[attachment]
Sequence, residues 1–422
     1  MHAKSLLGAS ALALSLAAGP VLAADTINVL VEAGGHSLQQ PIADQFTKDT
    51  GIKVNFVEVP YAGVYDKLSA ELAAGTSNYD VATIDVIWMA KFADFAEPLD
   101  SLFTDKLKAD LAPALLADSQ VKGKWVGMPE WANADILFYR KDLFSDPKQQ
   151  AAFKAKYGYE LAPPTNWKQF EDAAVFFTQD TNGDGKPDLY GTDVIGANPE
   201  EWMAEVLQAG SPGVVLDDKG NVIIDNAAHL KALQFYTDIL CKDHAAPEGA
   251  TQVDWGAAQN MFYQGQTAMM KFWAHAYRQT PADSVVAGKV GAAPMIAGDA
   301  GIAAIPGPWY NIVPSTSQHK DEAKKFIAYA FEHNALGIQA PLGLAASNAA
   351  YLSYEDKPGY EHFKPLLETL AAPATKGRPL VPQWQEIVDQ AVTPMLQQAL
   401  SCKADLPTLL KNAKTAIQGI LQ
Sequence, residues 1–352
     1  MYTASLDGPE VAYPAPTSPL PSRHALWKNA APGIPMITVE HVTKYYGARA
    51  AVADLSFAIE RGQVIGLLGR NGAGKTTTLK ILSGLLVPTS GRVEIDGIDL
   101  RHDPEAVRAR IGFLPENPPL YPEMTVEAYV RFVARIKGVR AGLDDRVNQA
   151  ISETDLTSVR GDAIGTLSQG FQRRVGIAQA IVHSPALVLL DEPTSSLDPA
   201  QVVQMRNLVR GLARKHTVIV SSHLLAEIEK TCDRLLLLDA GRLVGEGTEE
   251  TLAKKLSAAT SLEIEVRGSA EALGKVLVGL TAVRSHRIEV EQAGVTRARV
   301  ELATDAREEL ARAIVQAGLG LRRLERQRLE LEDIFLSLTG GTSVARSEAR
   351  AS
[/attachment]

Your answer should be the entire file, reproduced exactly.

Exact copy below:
Sequence, residues 1–422
     1  MHAKSLLGAS ALALSLAAGP VLAADTINVL VEAGGHSLQQ PIADQFTKDT
    51  GIKVNFVEVP YAGVYDKLSA ELAAGTSNYD VATIDVIWMA KFADFAEPLD
   101  SLFTDKLKAD LAPALLADSQ VKGKWVGMPE WANADILFYR KDLFSDPKQQ
   151  AAFKAKYGYE LAPPTNWKQF EDAAVFFTQD TNGDGKPDLY GTDVIGANPE
   201  EWMAEVLQAG SPGVVLDDKG NVIIDNAAHL KALQFYTDIL CKDHAAPEGA
   251  TQVDWGAAQN MFYQGQTAMM KFWAHAYRQT PADSVVAGKV GAAPMIAGDA
   301  GIAAIPGPWY NIVPSTSQHK DEAKKFIAYA FEHNALGIQA PLGLAASNAA
   351  YLSYEDKPGY EHFKPLLETL AAPATKGRPL VPQWQEIVDQ AVTPMLQQAL
   401  SCKADLPTLL KNAKTAIQGI LQ
Sequence, residues 1–352
     1  MYTASLDGPE VAYPAPTSPL PSRHALWKNA APGIPMITVE HVTKYYGARA
    51  AVADLSFAIE RGQVIGLLGR NGAGKTTTLK ILSGLLVPTS GRVEIDGIDL
   101  RHDPEAVRAR IGFLPENPPL YPEMTVEAYV RFVARIKGVR AGLDDRVNQA
   151  ISETDLTSVR GDAIGTLSQG FQRRVGIAQA IVHSPALVLL DEPTSSLDPA
   201  QVVQMRNLVR GLARKHTVIV SSHLLAEIEK TCDRLLLLDA GRLVGEGTEE
   251  TLAKKLSAAT SLEIEVRGSA EALGKVLVGL TAVRSHRIEV EQAGVTRARV
   301  ELATDAREEL ARAIVQAGLG LRRLERQRLE LEDIFLSLTG GTSVARSEAR
   351  AS